Minijacks -- A Major Headache
by Bill Rudolph
Three NOAA Fisheries researchers from the agency's science center in Seattle have taken a fresh look at some Northwest hatcheries and found a troubling tendency that is likely hampering some regional supplementation efforts.
The researchers say the production of large numbers of young Chinook called "minijacks," young males that mature so early they never leave their river of origin before returning to their early rearing grounds, show extremely low reproductive success. Jack Chinook are sexually precocious males that return early as well, but they spend one year at sea.
Published in the April 30 online edition of Transactions of the American Fisheries Society, the paper, "Variation in Minijack Rate among Hatchery Populations of Columbia River Basin Chinook Salmon," found a tenfold variation in minijack rates among several spring and summer Chinook hatcheries in the Columbia Basin. It was authored by Deborah Harstad, Donald Larsen and Brian Beckman.
Since growth rates at hatcheries are influenced by diet, water temperature and feeding rates, young males can mature much earlier than in the wild. In some cases, like the White River captive broodstock program in the Wenatchee Basin, minijacks accounted for more than 71 percent of the return from the 2009 brood year.
The authors said the high minijack rate for the White River program was greater than two times the overall rate for all the spring Chinook release groups they reviewed, and demonstrated that the White River fish "probably experienced high growth at a critical period when growth influences the onset of maturation."
A flagship research hatchery in Cle Elum, Wash., operated by the Yakama Tribe, sported a 48.5-percent minijack rate from the 2010 brood year, while the Carson Hatchery not far above Bonneville Dam, produced 30 percent minijacks from the 2009 brood.
In 2009, the Winthrop Hatchery had a minijack rate of only 14.6 percent, and the Leavenworth Hatchery 21.4 percent. In northeast Oregon, the Imnaha Hatchery had a 57.4-percent minijack rate in 2006, and the Lostine Hatchery had a 51.5-percent minijack rate that year.
In the wild, minijacks are thought to make up less than 5 percent of returning fish.
Another finding in the paper was recognition of the large difference in minijack rates between integrated hatchery programs where natural-origin adults and hatchery returns are used for broodstock, and segregated programs, where only returning hatchery fish are used for broodstock. Minijack rates are much lower for the segregated programs.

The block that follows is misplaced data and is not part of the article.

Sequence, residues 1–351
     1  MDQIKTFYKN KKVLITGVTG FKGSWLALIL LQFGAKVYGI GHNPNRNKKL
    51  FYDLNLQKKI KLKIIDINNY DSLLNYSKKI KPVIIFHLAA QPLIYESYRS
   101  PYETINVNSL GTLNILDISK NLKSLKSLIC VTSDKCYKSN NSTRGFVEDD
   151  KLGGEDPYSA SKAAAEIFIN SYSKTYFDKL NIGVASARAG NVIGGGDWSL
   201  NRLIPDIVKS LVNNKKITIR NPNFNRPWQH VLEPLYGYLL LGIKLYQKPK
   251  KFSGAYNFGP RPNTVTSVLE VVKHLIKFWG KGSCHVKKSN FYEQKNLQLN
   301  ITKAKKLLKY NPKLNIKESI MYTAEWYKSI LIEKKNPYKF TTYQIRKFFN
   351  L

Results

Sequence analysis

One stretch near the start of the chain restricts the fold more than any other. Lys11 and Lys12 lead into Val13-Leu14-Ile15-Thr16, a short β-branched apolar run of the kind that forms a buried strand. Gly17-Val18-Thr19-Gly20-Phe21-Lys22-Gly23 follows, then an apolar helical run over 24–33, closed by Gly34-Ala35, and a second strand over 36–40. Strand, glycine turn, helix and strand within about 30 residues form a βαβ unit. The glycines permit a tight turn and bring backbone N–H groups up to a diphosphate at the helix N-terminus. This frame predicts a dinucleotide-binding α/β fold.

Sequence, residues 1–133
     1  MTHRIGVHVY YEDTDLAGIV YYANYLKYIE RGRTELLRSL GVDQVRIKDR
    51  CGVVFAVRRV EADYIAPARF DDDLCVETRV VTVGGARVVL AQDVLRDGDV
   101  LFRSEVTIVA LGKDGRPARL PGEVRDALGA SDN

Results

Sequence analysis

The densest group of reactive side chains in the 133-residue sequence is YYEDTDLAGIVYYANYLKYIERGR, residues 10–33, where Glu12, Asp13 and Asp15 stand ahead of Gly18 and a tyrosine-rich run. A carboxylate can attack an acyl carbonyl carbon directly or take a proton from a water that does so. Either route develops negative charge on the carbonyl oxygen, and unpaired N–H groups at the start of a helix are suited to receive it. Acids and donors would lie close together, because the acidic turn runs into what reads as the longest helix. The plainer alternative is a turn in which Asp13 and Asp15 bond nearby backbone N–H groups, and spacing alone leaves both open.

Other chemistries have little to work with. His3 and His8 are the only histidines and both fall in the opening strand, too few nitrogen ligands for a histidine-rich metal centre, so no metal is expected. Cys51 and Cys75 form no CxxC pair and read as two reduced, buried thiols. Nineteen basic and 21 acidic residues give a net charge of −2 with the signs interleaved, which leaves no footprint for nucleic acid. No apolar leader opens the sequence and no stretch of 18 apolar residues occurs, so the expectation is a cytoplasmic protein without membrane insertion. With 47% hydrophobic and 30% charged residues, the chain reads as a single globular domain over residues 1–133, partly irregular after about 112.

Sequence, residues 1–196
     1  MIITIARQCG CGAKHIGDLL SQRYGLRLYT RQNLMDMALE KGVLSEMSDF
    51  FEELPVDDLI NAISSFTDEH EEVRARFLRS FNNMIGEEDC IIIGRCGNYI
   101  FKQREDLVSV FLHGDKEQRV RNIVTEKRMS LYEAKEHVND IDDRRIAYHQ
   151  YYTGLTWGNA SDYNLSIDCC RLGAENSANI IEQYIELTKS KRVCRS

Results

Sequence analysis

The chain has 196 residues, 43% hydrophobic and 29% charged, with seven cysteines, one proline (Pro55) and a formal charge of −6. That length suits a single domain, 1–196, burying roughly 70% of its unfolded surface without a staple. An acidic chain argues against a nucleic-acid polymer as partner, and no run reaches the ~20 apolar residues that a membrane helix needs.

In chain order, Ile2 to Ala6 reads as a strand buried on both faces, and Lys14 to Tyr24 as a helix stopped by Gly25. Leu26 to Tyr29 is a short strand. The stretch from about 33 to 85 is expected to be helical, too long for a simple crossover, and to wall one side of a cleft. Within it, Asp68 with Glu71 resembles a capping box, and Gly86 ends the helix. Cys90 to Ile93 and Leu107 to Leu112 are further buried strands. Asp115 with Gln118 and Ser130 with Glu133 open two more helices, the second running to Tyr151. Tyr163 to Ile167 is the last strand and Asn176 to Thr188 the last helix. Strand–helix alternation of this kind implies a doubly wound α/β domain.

The authors report that minijacks are never used for broodstock at production hatcheries in the Columbia Basin and hypothesize that domestication selection over generations has required a higher growth rate and/or body size to achieve the same minijack rate as integrated programs.
They were cautious about the potential for altering minijack rates in integrated programs for supplementing wild populations, especially those listed for protection under the ESA, and said such programs may be violating the requirement that calls for supplementation programs to minimize alterations to the genetic and phenotypic characteristics of these natural populations.
They cited another study by Ford (2012) that found a negative correlation between spring Chinook in a supplementation hatchery and the reproductive success of their progeny in the wild. "The differences in reproductive success between the hatchery and natural environments were largely due to low reproductive success of minijacks in the natural environment," said Harstad et al.
The paper said supplementation programs may be "significantly" altering breeding success and fitness among naturally spawning stocks, but such an analysis was beyond the scope of their paper and warranted more study.
The high minijack rates they found throughout Columbia Basin hatchery programs "represent a direct reduction in the number of male smolts released and may result in a reduction in the number of males returning as full-sized anadromous adults for harvest or spawning."
Researchers Search for Methods to Reduce High Numbers of 'Mini-Jacks' Produced by Hatcheries by Staff, Columbia Basin Bulletin 12/11/9
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